Copyright 2018 Carolyn Astfalk. All rights reserved.[/caption] Welcome to the November 2018 edition of An Open Book, now hosted both at My Scribbler's Heart AND! An Open Book is all about what my family is reading this month, from the adults down to the little kids. Share what you're reading by linking up your blog post below. Simply write about what you're reading. You can make it personal or, as I do, extend it to the whole family. Your post can be as simple as a few lines about the book or as in-depth as a 700-word review. That's entirely up to you. You can even forego writing all together and record a video or simply post cover photos. No blog? No problem. Please share what you're reading in the comments. This month, my husband has been listening to Career Match: Connecting Who You Are with What You'll Love to Do by Shoya Zichy and Ann Bidou. It includes a self-assessment to determine your personality style and then a corresponding chapter with potential career choices. It's intended not only to help you manage a career but discover what work you're most suited to in your existing job. For a Halloween listen, my husband downloaded a book by one of his favorite authors from his teen years: Stephen King. LT's Theory of Pets, read by the author, is a short (hour-long) story of a man whose wife takes off, leaving behind their Siamese cat. He's hopeful that his wife is still alive, whatever has become of her. It "explores the bonds between husbands, wives, and pets." (Language warning.) In between books for this month's Sabbath Rest Book Talk, I've been reading Courtney Walsh's latest novel, Things Left Unsaid. It reminds me of The Things We Knew by Catherine West in that it involves neighboring families returning to a summer home, each bearing a secret related to a death that deeply affected them all. Things Left Unsaid takes place in the fictional resort town of Sweethaven, Michigan, which is featured in some of the author's other books. I'm zipping through the book, eager for these characters to communicate better with each other, to resolve all of their past hurts, and make up. Well-written and enjoyable. I'm anticipating a big helping of grace to be doled out before the end. Next on my list is a debut novel by author Vijaya Bodach called Bound. Since I'm just beginning it, here is the blurb: "Seventeen-year-old Rebecca Joshi, an adopted girl from India, burn survivor, and primary caretaker of her intellectually disabled sister, Joy, has one dream: to be a physician. Her traditional Indian father relies upon Rebecca to care for Joy while he buries himself in work to drown his grief over his wife's death. Leaving home is the only way Rebecca can envision reaching her goal. She helps Joy develop greater independence, and is devastated when Joy becomes pregnant. Rebecca tussles -- with her father and with herself -- over who is responsible for Joy and her baby. When Rebecca discovers the truth of what happened the day she was burned, she struggles to hold onto her dream while wrestling with questions of life, love, and responsibility." I'm in! My high school sophomore is reading The Eighth Arrow: Odysseus in the Underworld by J. Augustine Wetta, O.S.B. In it, Odysseus (of Homer's classic epic poem) breaks out of Dante's hell. The novel includes a journey through the Underworld with Diomedes and encounters with various characters from Greek mythology, ancient history, and Renaissance literature. My son, who always thought it unfair of Dante to relegate Odysseus to hell, is loving the book. It melds well with the classics he studied last year in his Humanities classes. My daughter's fifth grade class has been reading Holes by Louis Sachar. This Newbery Medal winner features Stanley Yelnats (check out that palindrome!), who is sent to a boys' detention center and made to dig holes. What is the warden looking for beneath a dried-up lake? My daughter guessed right away, but she's enjoying it enough that not being permitted to read ahead is her only complaint. The Haymeadow by Gary Paulsen is the book she's been reading at home. Fourteen-year-old John Barron is tasked with spending the summer tending his family's sheep. John must rely on his wits to withstand encounters with coyotes, a bear, a flood, and more. As in the author's Hatchet series, this book involves the protagonist using  his ingenuity to succeed. My first grader, who has pretty much taken over my bedtime story duties, needed something a little more challenging than most picture books, so I found a trio of Judy Moody books her sister read. She's reading the first book, Judy Moody (was in a mood) by Megan McDonald. Judy is a feisty third-grader who takes the reader on a series of little adventures. Pete's a Pizza by William Steig has long been a favorite around here -- both reading it and acting it out. My kindergarten son seems to particularly enjoy it and asks to read it many nights. One rainy day, a boy is forced to stay inside with his parents, who brighten the afternoon by making him into a pizza -- kneading him, topping him with pepperoni and cheese, and "baking" him in an oven (the couch.)  Warning: there is tickling involved! [inlinkz_linkup id=804500 mode=1] Want more details on An Open Book? You can also sign up for An Open Book reminder email, which goes out one week before the link-up.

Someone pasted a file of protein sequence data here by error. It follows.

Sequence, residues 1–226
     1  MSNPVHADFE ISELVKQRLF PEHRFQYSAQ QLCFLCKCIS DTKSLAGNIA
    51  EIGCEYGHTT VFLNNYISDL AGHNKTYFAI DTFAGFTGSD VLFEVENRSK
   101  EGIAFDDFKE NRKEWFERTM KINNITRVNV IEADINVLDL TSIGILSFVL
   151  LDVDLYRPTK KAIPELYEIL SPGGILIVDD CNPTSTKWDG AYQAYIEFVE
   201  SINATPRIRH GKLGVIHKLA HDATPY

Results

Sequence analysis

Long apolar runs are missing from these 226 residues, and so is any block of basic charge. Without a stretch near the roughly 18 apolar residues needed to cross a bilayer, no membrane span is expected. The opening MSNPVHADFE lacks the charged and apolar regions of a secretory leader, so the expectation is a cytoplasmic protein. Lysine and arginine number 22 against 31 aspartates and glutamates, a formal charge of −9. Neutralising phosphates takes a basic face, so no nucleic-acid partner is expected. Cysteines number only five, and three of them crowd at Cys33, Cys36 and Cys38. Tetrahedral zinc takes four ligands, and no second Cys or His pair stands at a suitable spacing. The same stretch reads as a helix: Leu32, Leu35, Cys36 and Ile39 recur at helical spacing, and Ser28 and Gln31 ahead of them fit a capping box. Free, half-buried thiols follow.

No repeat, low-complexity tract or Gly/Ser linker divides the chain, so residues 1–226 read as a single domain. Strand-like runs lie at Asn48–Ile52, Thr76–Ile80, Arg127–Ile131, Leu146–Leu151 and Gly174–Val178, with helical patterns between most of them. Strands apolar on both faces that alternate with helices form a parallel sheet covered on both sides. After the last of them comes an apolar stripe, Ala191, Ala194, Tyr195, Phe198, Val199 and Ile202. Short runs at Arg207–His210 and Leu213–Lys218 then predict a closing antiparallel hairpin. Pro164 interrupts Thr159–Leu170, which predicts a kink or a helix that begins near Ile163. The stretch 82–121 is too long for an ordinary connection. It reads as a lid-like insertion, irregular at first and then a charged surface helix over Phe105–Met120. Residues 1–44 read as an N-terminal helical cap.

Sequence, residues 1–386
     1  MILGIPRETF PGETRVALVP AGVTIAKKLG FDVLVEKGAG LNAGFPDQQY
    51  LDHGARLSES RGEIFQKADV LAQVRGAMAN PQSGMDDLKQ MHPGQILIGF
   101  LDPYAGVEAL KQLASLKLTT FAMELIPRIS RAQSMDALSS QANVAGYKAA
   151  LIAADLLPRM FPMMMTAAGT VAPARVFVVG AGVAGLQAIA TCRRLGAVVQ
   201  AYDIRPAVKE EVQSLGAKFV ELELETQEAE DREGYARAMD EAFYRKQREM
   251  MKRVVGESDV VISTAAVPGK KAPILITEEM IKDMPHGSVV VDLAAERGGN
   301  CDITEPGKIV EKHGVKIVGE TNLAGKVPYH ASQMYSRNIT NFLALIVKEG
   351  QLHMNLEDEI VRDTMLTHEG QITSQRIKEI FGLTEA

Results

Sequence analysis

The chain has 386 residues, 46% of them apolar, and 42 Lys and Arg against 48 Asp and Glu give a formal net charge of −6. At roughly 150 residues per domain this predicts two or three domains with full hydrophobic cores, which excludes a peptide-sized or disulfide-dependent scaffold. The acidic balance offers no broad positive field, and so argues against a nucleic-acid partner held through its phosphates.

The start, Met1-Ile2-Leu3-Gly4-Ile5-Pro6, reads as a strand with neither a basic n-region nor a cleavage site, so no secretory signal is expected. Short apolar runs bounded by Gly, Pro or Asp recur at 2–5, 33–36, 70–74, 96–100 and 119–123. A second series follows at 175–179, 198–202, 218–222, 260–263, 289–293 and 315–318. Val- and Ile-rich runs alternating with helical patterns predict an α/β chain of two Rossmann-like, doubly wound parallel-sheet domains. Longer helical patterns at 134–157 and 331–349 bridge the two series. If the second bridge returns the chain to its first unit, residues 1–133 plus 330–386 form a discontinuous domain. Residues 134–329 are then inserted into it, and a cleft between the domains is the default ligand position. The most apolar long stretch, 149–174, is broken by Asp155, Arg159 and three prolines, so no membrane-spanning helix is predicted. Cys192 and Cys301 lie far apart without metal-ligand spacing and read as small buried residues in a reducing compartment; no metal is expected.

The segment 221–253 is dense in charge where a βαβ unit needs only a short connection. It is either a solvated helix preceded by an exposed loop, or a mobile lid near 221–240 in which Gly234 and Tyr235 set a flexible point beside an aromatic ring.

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Copyright 2018 Carolyn Astfalk